What happens when the usability of a system is bad, can the overall (user) experience of the system save the day?
How important really is usability to the big picture.
During a recent project I had the opportunity to observe (in an ethnographic capacity) people using a system that had an unending list of shortcomings.
In fact I still haven’t really found anything the system did well. Yes it was a UX horror story.
The people using the system where amazing, they had taken this poorly designed and contrived system and turned it into a workable, functioning, and productive series of procedures and sometimes supplementary systems.
They had worked with the bad system. Seen the issues, studied them, learnt the system, coped with the shortcomings. They had just made the best over time of a very bad unproductive system. They had studied and learnt the system despite the bad usability present.
Bad Usability Rules
This got me thinking. We all see very bad usability examples around us all the time. Things that you know should never have occurred. We put up with them and move on.
Surely there are enough usability people in the web industry (and beyond) to fix all these issues?
Well it seems there isn’t.
There is barely enough designers and developers to really keep up with the demanded. Even if we train development teams in the art of usability we will still be behind the eight ball on this one on the cost verses demand.
Bad usability is so entrenched in some places that it’s doing to take generations to get over it at this rate.
Jakob Nielsen tends to think that Usability on the web is getting better. Maybe it is, or maybe we are just getting better at dealing with it.
Enter the Uber-Adaptable
However let’s just put the possibility of fixing this bad usability aside for a moment.
Consider the human condition, as humans we are extremely adaptable. Just like the team detailed above we learn and work around bad systems.
Overtime the more systems a person is exposed to, the more jobs they have dealing with bad usability, will over time make them more adaptable to using these poorly designed systems.
We often talk about people learning systems in UX circles, but do we consider the longer-term career wide exposure to poor systems and bad usability has on people. Does it build better users.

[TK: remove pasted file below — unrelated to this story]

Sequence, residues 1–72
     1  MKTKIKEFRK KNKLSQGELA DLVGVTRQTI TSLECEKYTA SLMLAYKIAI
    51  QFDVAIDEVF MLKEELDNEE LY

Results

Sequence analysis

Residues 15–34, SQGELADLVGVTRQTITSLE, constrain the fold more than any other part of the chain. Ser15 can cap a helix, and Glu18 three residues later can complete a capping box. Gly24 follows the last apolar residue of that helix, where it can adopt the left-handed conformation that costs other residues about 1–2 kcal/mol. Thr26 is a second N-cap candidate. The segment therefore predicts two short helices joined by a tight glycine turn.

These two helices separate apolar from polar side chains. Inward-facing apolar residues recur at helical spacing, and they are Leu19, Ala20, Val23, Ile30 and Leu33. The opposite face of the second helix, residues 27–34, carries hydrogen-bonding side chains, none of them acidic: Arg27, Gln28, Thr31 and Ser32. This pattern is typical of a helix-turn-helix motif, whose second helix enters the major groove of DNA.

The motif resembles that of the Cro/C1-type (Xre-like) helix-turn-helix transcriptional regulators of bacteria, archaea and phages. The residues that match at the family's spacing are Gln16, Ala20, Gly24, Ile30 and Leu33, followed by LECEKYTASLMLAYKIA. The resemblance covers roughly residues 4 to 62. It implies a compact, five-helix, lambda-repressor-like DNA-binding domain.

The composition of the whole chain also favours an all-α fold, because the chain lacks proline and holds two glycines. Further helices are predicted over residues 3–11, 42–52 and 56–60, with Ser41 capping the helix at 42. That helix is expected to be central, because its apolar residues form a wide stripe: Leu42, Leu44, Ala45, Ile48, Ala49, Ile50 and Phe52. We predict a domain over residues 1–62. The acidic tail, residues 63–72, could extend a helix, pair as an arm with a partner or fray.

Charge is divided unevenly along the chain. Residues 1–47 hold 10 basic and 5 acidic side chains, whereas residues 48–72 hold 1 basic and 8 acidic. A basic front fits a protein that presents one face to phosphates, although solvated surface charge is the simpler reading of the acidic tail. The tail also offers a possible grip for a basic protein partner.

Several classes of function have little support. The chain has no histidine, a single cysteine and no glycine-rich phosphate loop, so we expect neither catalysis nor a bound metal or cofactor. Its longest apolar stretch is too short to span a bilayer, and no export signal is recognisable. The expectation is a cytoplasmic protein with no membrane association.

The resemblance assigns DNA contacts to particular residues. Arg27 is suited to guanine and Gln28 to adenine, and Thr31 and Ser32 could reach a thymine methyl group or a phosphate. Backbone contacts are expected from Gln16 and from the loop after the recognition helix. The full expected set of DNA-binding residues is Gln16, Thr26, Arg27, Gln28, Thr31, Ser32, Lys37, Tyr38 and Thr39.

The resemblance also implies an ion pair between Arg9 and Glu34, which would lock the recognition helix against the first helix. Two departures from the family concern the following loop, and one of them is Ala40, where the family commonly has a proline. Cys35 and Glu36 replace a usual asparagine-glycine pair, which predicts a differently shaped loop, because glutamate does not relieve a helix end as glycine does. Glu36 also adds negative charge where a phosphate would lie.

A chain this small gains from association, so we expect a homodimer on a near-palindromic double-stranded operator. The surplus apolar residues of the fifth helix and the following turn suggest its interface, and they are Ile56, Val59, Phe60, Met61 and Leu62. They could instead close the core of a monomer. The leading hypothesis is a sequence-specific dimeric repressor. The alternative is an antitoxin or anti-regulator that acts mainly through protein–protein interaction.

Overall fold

Maybe we are coming to that point, the point where people are now uber-adaptable.
With over 30+ years using personal computing resources bringing with it generations that have know nothing but 100’s of applications and badly designed web sites. Have we come to the point where usability is no longer a major factor?
Now more than ever before we are just working out the system’s issue and getting on with the task at hand. Working around the bad usability.
The Experience Remains
Now I’m not saying we abandon designing systems and sites with a good degree of usability, far from it.
However let’s consider what makes these bad systems work.
In general I had found it’s the supplementary add-ons people contribute to systems that make them work, that make the experience at least tolerable.
People tend to want to work in environments that are for at least some aspects pleasurable and they alter the environment to suit this goal.
As you know usability is but a component of the overall user experience. Where the usability is the functionality of the ease of use of system. The (user) experience is the emotive and overall feeling, perception, the sum of all the interactions or events.
It’s possible to have a system with a bad usability, but still give a positive experience, mainly due to the supplimentary items overriding the negative aspect of the uasbility.
Usability or the Experience?
It comes down to if you can’t fix the usability, you should at least be looking at the bigger picture and making the overall experience a good one.
After all as people adapt to the bad usability, that is writhe, all that is left when usability dies will be the overall experience.
If the experience is bad… people will just move on.